Zinc is another micronutrient known to be lower from increased excretion through the kidneys, and is mostly a result of thiazide diuretics.2(12) Urinary zinc depletion through thiazide diuretics can lead to tissue depletion and might be an additive risk factor of deficiency in addition to inadequate intake, diabetes, hepatic cirrhosis, renal disease, and gastrointestinal disorders.2(12)  Angiotensin-converting enzyme (ACE) inhibitors also induce zinc losses by chelation/excretion processes. 2(14) Considering that zinc deficiencies can cause several maladies such as increased risk of infections, infertility, impaired brain development, dermatitis, alopecia, low testosterone, and impaired smell/taste, it is imperative that levels are closely monitored during AHD use.4,5

Potassium is the fifth micronutrient that can become deficient from loop diuretics (increasing excretion through the kidneys) and thiazides, which can manifest as hypokalemia.2(12) Conversely, ACE inhibitors and calcium channel blockers (CCBs) can retain potassium potentially inducing a state of hyperkalemia.2(14,15) In the case of ACE inhibitors, the mechanism of action is achieved through an inhibitory effect of aldosterone (expels potassium in the urine) secretion.2(14) Hyperkalemia may also be increased amongst individuals who are also older, have renal disease, diabetes, or who eat potassium-rich foods.2(14)

Folate (B9) is also a micronutrient of concern in populations who use potassium-sparing diuretics such as triamterene and hydrochlorothiazide.2(13) Additionally, folate deficiency has also been found in patients who use CCBs.2(14) Monitoring folate levels is particularly relevant because low levels can induce aberrations in the metabolism of nutrients such as choline, amino acids, pyrimidines, purines, DNA synthesis/repair, and cell division.6 Furthermore, low B9 can negatively affects homocysteine levels; a toxic metabolite that is neutralized in a well-functioning body. Left unchecked, high homocysteine can cause hyperlipidemia, hypertension, retinal vein occlusion, and venous thromboembolism.6(231)

In conclusion, AH is considered the predominant risk factor for CVD, and is defined as a resting systolic blood pressure of ≥140 mmHg and/or diastolic blood pressure of ≥90 mmHg in adults. Furthermore, the number of individuals with hypertension has increased in a precipitous fashion since 1980, worldwide. Considering that AH is associated with an increased risk of myocardial infarction, congestive heart failure, kidney disease, and stroke, it is imperative to implement strategies which support optimal blood pressure ranges. Although medications can help control and optimize blood pressure, it is critical that health care providers remain vigilant regarding micronutrient deficiency trends associated with AHDs. Such steps can help maintain heart health while mitigating collateral drug-associated nutrient deficiencies by implementing specific food and supplement interventions for the same.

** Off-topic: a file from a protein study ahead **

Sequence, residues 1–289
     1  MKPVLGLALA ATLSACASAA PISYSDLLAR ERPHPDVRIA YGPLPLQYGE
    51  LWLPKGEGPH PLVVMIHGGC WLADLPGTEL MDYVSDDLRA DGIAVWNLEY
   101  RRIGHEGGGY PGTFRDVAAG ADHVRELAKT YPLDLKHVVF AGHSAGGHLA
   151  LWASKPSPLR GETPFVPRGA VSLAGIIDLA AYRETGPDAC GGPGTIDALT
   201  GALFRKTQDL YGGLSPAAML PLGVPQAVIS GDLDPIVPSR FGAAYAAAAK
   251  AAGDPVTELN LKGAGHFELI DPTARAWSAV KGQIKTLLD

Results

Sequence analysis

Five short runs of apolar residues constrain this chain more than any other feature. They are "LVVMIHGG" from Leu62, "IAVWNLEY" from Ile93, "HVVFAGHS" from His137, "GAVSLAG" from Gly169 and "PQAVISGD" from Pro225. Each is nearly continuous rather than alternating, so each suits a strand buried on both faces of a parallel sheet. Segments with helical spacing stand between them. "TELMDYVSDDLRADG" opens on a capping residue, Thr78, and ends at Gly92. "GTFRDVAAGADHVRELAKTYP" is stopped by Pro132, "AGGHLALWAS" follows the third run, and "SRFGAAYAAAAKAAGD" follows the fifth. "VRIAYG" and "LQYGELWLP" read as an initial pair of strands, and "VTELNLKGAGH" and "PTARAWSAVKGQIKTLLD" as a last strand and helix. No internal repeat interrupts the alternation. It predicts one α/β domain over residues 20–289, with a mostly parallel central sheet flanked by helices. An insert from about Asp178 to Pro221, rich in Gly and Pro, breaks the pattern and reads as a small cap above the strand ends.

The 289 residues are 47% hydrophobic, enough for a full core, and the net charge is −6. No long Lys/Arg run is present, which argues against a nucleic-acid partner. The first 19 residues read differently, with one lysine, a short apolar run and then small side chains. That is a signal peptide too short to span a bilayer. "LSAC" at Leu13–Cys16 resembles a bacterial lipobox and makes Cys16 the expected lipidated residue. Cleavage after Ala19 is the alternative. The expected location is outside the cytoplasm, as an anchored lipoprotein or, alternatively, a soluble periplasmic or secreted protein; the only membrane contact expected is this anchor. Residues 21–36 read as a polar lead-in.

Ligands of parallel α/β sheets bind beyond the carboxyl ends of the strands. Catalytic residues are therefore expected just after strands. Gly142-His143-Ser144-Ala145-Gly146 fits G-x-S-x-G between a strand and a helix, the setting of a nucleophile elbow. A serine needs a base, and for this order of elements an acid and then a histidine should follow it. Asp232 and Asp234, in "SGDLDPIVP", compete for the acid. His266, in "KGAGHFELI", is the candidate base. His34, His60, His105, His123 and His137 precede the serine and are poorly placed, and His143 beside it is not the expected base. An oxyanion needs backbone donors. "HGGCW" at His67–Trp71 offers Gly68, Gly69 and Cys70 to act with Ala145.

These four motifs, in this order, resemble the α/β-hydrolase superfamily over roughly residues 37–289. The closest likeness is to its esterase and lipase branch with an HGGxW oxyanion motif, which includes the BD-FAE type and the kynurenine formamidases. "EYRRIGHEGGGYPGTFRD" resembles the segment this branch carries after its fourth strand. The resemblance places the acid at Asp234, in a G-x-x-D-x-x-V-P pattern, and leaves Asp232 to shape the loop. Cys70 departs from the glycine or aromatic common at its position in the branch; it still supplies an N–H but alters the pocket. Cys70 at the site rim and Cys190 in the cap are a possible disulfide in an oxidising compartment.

References

1. Lopes S, Mesquita-Bastos J, Alves A, et al. Exercise as a tool for hypertension and resistant hypertension management: Current insights. Integr Blood Press Control. 2018;11:65-71. doi: 10.2147/IBPC.S136028.
2. Mohn ES, Kern HJ, Saltzman E, et al. Evidence of drug-nutrient interactions with chronic use of commonly prescribed medications: An update. Pharmaceutics. 2018;10(1):1-45. doi: 10.3390/pharmaceutics10010036.
3. Crook MA. Zinc deficiency.Nutrition. 2011;27(10):1085-1086. doi:10.1016/j.nut.2011.06.001.
4. Liu YL, Zhang MN, Tong GY, et al. The effectiveness of zinc supplementation in men with isolated hypogonadotropic hypogonadism.Asian J Androl. 2017;19(3):280-285. doi: 10.4103/1008-682X.189621.
5. Gropper SS, Smith JL, Carr, TP. Advanced Nutrition and Human Metabolism.7thed. Boston, MA: Cengage Learning; 2018.
6. Vidmar M, Grzelj J, Mlinaric-Rascan I, et al. Medicines associated with folate-homocysteine-methionine pathway disruption.Arch of Toxicol. 2018;93(2):227-251. doi:10.1007/s00204-018-2364-z.

 

-Michael McIsaac